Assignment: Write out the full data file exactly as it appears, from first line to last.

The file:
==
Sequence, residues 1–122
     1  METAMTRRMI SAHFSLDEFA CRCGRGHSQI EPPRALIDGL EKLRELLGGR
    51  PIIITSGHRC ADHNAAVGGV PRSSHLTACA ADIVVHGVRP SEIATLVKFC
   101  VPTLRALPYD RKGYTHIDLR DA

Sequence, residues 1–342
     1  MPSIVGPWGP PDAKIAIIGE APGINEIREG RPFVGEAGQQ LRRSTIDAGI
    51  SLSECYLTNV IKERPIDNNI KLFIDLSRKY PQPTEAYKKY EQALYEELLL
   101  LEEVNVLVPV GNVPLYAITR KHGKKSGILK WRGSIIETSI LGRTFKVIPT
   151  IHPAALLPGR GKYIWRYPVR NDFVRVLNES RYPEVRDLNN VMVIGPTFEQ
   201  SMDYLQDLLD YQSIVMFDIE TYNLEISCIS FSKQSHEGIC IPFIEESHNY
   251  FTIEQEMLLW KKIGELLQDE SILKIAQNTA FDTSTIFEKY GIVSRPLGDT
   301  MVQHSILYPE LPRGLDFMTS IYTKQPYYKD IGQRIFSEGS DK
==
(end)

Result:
Sequence, residues 1–122
     1  METAMTRRMI SAHFSLDEFA CRCGRGHSQI EPPRALIDGL EKLRELLGGR
    51  PIIITSGHRC ADHNAAVGGV PRSSHLTACA ADIVVHGVRP SEIATLVKFC
   101  VPTLRALPYD RKGYTHIDLR DA

Sequence, residues 1–342
     1  MPSIVGPWGP PDAKIAIIGE APGINEIREG RPFVGEAGQQ LRRSTIDAGI
    51  SLSECYLTNV IKERPIDNNI KLFIDLSRKY PQPTEAYKKY EQALYEELLL
   101  LEEVNVLVPV GNVPLYAITR KHGKKSGILK WRGSIIETSI LGRTFKVIPT
   151  IHPAALLPGR GKYIWRYPVR NDFVRVLNES RYPEVRDLNN VMVIGPTFEQ
   201  SMDYLQDLLD YQSIVMFDIE TYNLEISCIS FSKQSHEGIC IPFIEESHNY
   251  FTIEQEMLLW KKIGELLQDE SILKIAQNTA FDTSTIFEKY GIVSRPLGDT
   301  MVQHSILYPE LPRGLDFMTS IYTKQPYYKD IGQRIFSEGS DK